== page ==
Having enjoyed Sven Holm’s Termush so much, I thought I would read another book from the Faber Editions list, a series dedicated to reviving radical literary voices from across the world. Perhaps unsurprisingly, the one that called out to me was Kay Dick’s 1977 novella, They, another classic piece of dystopian fiction in the speculative / slipstream vein. Think Anna Kavan’s brilliant novel Ice (a tense, nightmarish pursuit across a post-apocalyptic landscape), punctuated by moments of genuine beauty, largely stemming from Dick’s evocative descriptions of the natural world.
Like Termush, They is another fascinating, enigmatic rediscovery by Faber – a chilling vision of a society in the grip of a sinister force that seems all too relevant today. In some respects, it feels as if these two novellas are in conversation with one another, sending out distress signals in the faint hope of being rescued…
They depicts a world in which artistic expression, creative freedom and non-conformity are all under attack. The novella’s setting is deliberately sketchy, with the narrative unfolding through a series of short stories or vignettes which take place in unnamed locations (almost certainly in Britain) at unspecified times. Dick thrusts the reader into this world with the first vignette, Some Danger Ahead, which sets the novella’s alarming tone right from the very start. In some respects, this opening story could be viewed as the novella in miniature, with Dick setting out her stall for the horrors to come.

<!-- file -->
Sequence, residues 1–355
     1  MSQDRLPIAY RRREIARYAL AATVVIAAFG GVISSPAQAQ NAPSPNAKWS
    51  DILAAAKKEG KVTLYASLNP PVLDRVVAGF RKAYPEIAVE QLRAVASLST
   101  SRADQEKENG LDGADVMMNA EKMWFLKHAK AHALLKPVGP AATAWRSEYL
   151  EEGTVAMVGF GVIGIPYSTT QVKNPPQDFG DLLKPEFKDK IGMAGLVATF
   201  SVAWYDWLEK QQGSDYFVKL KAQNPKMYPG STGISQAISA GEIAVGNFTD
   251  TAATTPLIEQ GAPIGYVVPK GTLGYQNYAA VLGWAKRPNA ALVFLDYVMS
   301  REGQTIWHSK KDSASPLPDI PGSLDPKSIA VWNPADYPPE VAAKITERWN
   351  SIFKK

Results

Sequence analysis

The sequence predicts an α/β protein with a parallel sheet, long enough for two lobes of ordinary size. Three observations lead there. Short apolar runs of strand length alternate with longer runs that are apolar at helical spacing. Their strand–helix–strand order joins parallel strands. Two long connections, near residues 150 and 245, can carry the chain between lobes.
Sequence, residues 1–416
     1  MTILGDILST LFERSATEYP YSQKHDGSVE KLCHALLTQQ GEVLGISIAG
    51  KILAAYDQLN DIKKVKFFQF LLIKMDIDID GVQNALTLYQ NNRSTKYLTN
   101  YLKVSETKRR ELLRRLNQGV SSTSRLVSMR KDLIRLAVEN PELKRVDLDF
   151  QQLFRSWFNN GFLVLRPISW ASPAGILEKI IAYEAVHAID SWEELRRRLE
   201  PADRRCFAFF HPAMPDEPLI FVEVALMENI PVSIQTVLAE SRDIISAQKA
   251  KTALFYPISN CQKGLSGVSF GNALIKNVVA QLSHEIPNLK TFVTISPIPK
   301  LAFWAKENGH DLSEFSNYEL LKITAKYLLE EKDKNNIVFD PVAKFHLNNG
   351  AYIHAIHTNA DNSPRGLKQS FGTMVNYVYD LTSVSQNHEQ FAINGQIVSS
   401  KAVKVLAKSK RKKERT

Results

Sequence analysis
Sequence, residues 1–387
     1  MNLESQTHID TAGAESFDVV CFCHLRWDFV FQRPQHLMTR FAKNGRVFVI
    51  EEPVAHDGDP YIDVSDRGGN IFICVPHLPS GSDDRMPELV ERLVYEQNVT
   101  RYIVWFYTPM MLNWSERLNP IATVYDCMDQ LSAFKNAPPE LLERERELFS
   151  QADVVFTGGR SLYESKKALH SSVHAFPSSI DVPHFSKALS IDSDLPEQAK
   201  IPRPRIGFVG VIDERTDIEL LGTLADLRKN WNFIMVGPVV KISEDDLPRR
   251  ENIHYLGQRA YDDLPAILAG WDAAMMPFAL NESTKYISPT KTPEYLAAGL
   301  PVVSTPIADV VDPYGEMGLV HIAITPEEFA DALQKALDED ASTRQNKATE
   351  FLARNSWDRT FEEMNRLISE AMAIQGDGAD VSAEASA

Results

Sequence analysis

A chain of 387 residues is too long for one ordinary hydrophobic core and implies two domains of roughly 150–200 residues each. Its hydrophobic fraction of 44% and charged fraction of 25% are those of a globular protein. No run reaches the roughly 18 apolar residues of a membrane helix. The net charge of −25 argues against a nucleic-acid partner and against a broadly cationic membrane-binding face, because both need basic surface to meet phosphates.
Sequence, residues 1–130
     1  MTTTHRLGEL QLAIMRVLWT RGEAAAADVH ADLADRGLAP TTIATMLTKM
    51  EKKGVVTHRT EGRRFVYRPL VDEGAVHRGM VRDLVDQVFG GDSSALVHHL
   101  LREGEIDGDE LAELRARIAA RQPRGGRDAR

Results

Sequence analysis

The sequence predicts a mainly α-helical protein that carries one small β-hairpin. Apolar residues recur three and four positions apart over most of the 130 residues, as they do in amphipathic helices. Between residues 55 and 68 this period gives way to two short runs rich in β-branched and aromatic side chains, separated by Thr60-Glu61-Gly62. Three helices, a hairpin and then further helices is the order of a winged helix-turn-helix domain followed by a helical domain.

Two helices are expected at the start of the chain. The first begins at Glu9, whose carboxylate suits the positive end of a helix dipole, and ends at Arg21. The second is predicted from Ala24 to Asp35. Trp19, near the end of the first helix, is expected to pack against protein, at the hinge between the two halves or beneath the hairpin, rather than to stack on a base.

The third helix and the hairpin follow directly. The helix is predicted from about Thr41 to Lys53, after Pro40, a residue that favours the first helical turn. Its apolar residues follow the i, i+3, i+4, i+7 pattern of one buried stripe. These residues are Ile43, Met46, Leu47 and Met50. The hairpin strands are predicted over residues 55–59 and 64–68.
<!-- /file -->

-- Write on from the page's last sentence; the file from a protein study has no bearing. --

From sculptors and painters to writers and composers, Britain’s creative artists are being threatened by shadowy, malign forces – the ‘They’ of the book’s title. Through a sequence of rapid, ruthless actions, They roam the landscape in packs, destroying art, confiscating books, burning poetry – basically suffocating and snuffing out all forms of creativity in their sight. At first, They focus on cities, effectively pushing artists towards more rural and coastal areas where they gather in small groups or retreats.
Moreover, They mostly operate through stealth, targeting properties when residents are out or asleep at night, avoiding conflict where possible to conserve their resources. By stealing books, clearing galleries and destroying manuscripts, They aim to force artists into abandoning their creative pursuits, effectively outlawing any forms of artistic expression. Consequently, people must rely on their memories of various art forms once the originals have been destroyed.
They never came when one was in the house. In their view, confrontation was an unnecessary waste of energy, a luxury they withheld. Silent stealth was a greater pain to bear; it was their form of punishment. They only took sharper measures if one went beyond the accepted limit. (p. 9)
More draconian measures are reserved for rebels (at least at first), with the mob only turning on individuals if they decide to resist. Nevertheless, as the novella unfolds, violence against artists increases in frequency and intensity, particularly when those targeted refuse to comply. In some instances, offenders are imprisoned, tortured or maimed. Painters are blinded; writers have their hands amputated; poets have their arms burned. In short, They will do whatever it takes to stamp out creativity, cutting off its lifeblood at the source. As a result, it’s not uncommon for people to be desensitised or rendered ineffective, emptying them of their memories and the desire to create.